…I am most grateful to have this connection to Anthony [Shadid], who wrote about people. And when those stories published, the conflicts didn’t end, the suffering didn’t stop, but he kept going back and he kept trying, and I will too.Jessica Contrera (Washington Post)
Learning from Sources
For her investigative stories on child sex trafficking in the US, Washington Post reporter Jessica Contrera spent months building rapport with victims to illustrate how popular, deeply entrenched anti-trafficking laws are failing victims and families. (You’ll find the other two stories in her series here and here).
Contrera dedicated hours to both establishing relationships with, and learning from, sex trafficking survivors to create a community of trust and shared knowledge and to shine light on underserved and stigmatized sectors of the criminal justice system. Instead of relying on available numbers and stories from those enforcing the laws, Contrera looked to those directly impacted to better understand and evaluate where the system was faltering.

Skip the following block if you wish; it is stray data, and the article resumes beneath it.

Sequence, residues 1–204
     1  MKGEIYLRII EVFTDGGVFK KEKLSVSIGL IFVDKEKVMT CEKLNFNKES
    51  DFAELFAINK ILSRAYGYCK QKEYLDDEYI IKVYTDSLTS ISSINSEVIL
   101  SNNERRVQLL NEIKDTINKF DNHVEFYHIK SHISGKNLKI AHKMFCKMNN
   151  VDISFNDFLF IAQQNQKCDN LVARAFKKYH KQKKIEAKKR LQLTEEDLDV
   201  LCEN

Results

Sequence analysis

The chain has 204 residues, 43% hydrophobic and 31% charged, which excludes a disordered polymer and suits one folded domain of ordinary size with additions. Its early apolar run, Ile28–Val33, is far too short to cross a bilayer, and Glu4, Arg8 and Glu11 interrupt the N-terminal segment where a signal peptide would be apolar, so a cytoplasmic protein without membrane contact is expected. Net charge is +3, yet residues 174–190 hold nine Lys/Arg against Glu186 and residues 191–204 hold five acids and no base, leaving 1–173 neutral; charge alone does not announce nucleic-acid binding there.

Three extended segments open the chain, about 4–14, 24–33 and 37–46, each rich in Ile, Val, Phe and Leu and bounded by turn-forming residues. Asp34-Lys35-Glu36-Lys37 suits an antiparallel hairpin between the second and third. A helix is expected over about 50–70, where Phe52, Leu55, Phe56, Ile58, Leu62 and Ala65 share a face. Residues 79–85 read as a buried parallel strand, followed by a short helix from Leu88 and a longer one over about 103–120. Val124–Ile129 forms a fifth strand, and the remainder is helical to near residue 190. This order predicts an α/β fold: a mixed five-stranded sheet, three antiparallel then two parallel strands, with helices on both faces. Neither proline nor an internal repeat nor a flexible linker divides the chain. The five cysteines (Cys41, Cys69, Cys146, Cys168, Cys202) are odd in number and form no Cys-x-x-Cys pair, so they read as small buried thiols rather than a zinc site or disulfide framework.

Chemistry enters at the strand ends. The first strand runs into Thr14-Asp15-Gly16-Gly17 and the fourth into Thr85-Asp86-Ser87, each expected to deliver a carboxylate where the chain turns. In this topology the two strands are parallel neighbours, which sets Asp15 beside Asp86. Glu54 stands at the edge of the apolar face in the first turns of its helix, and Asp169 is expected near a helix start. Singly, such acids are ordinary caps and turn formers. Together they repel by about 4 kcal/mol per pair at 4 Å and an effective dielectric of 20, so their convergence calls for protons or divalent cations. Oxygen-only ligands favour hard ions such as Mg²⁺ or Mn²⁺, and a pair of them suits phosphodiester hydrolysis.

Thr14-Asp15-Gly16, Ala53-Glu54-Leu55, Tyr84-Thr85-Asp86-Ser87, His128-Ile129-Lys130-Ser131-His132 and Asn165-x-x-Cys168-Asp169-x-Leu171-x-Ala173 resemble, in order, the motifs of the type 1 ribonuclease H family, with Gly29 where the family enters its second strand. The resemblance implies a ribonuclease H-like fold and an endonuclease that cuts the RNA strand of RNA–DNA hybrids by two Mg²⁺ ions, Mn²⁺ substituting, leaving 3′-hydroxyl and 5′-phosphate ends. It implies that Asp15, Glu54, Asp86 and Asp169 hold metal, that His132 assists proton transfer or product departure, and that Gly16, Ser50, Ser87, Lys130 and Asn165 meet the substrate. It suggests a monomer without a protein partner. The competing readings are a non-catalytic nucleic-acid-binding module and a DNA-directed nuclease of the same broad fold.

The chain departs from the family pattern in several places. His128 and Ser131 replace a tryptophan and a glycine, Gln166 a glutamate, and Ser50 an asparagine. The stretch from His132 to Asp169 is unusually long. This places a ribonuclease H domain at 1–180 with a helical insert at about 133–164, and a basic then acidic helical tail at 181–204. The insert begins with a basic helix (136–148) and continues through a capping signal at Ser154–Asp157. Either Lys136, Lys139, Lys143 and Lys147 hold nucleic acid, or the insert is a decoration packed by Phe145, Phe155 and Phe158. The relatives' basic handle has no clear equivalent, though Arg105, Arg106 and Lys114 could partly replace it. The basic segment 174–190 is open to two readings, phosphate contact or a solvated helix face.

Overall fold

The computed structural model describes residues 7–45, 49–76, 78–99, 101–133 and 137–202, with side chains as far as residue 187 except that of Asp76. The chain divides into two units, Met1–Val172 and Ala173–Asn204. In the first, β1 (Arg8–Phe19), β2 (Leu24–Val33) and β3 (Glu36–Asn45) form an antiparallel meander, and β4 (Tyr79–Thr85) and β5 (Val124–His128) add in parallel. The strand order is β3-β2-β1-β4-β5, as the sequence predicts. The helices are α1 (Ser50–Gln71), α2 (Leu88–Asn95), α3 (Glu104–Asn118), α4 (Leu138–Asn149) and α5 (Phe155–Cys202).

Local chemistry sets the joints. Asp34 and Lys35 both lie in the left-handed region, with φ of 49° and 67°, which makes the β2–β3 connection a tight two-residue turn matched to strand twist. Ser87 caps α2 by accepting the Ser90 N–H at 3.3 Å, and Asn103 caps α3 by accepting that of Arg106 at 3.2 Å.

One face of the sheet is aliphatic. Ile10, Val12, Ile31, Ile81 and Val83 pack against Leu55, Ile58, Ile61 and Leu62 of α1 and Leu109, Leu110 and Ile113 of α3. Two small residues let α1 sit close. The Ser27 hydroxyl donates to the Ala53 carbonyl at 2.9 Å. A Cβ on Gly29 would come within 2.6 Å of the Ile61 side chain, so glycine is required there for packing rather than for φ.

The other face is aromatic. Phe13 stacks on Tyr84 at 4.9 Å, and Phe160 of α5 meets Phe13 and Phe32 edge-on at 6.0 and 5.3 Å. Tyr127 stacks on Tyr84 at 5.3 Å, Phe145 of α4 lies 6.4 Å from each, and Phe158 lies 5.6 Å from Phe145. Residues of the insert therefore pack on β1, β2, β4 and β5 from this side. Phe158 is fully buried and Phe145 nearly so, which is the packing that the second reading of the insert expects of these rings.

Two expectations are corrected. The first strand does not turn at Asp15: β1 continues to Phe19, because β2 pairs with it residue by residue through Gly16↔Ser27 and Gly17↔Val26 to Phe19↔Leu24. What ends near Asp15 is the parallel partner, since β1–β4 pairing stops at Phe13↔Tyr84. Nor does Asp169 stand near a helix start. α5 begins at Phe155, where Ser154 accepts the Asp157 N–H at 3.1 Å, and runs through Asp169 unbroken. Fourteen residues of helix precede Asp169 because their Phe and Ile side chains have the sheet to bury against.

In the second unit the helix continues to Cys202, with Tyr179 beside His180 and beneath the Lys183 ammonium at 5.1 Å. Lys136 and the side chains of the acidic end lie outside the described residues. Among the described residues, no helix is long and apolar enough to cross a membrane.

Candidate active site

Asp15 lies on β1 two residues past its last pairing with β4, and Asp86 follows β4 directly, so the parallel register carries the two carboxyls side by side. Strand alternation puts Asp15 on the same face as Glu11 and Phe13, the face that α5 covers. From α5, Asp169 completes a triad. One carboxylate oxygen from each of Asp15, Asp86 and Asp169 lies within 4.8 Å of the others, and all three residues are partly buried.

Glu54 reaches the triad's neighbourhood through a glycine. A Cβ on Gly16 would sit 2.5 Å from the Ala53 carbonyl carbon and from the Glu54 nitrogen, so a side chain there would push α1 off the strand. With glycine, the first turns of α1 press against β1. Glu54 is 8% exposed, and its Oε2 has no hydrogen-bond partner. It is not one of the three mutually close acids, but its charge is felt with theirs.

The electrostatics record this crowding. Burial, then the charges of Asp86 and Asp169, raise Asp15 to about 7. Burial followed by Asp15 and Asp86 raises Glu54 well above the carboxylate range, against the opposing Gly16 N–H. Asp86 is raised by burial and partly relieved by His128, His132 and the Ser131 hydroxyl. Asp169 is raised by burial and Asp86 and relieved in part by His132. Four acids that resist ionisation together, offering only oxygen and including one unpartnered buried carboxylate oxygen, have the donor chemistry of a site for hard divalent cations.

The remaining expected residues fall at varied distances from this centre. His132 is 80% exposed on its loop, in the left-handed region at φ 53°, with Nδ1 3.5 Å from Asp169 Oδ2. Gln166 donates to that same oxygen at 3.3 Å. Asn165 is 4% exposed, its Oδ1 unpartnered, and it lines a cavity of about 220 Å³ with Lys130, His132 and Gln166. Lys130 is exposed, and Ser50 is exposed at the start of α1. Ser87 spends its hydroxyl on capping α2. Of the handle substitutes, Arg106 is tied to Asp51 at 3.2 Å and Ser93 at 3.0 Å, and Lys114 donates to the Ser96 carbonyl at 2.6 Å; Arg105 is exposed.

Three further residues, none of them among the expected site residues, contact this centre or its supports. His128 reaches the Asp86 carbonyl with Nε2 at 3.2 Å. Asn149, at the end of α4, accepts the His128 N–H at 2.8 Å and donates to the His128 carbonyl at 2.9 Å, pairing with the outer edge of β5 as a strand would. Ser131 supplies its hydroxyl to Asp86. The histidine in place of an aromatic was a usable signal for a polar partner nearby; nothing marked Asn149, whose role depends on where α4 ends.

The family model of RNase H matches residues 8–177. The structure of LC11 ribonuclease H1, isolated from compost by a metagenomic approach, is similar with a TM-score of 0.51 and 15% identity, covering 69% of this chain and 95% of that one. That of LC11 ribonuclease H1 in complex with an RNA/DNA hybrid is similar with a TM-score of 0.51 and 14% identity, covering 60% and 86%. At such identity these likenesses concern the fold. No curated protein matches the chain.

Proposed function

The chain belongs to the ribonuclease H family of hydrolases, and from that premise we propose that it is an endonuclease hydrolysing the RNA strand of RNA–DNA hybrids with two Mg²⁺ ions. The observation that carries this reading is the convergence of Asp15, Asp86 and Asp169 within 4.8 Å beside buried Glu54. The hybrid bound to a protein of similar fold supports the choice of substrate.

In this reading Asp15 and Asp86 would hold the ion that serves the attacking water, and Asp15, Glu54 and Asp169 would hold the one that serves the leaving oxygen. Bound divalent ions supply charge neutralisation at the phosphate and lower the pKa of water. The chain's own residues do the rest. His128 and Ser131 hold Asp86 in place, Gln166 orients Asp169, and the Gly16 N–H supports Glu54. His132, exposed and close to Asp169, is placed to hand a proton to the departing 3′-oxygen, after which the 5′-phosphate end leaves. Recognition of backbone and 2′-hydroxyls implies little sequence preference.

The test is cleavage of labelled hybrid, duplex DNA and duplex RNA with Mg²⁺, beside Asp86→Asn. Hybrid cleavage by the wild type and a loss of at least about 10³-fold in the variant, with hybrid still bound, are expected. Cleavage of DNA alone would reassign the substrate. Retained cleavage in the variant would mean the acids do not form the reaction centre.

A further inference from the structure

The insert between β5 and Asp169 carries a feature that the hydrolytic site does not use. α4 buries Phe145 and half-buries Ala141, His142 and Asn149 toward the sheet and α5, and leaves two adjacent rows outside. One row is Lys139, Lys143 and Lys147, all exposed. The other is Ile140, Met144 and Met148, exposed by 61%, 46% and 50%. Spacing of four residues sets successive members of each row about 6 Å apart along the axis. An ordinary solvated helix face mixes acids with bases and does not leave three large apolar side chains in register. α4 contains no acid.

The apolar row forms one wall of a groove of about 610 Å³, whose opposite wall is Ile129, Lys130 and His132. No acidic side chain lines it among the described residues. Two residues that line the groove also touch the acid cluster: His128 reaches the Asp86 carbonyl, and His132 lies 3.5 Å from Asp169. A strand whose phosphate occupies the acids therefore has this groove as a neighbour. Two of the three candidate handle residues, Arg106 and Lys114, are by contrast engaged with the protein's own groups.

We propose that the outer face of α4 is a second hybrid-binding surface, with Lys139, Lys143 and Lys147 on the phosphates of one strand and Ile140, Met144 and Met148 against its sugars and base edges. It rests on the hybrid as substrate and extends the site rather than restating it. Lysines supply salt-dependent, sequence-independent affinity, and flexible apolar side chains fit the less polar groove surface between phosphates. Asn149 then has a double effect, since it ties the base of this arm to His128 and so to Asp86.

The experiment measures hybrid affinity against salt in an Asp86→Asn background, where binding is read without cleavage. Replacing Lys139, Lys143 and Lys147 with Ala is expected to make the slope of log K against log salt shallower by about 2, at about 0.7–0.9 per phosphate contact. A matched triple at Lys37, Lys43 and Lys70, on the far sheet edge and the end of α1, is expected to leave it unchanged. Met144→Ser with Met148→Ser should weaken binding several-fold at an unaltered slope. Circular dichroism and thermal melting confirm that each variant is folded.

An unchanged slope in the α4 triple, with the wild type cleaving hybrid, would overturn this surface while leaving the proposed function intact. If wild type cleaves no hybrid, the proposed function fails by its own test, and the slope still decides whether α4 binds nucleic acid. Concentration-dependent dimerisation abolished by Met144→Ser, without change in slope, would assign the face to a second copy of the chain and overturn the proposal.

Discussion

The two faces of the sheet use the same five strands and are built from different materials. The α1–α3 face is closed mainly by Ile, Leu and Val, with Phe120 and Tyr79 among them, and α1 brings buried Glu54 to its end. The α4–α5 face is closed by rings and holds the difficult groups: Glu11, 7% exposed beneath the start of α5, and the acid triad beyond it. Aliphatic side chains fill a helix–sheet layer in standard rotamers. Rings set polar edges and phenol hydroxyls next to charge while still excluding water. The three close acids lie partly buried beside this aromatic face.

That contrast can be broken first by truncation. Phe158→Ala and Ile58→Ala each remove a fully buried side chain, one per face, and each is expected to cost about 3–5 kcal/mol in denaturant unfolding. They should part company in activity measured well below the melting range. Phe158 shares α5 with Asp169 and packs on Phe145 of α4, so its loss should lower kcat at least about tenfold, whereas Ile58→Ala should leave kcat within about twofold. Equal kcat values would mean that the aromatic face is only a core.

Jessica Contrera is available for virtual class visits. Contact Center administrator Krista Eastman (firstname.lastname@example.org) for more information.
Jessica Contrera on Her Reporting
Q1: What role does a source’s individual experience and testimony play in reporting? Can (or does) it always need to be verified or investigated?
Q2: Are individual stories effective in exposing flawed systems? How can journalists best use and respect anecdotal evidence?
Q3: What is the relationship between a journalist and their source outside of the story, if there is one at all?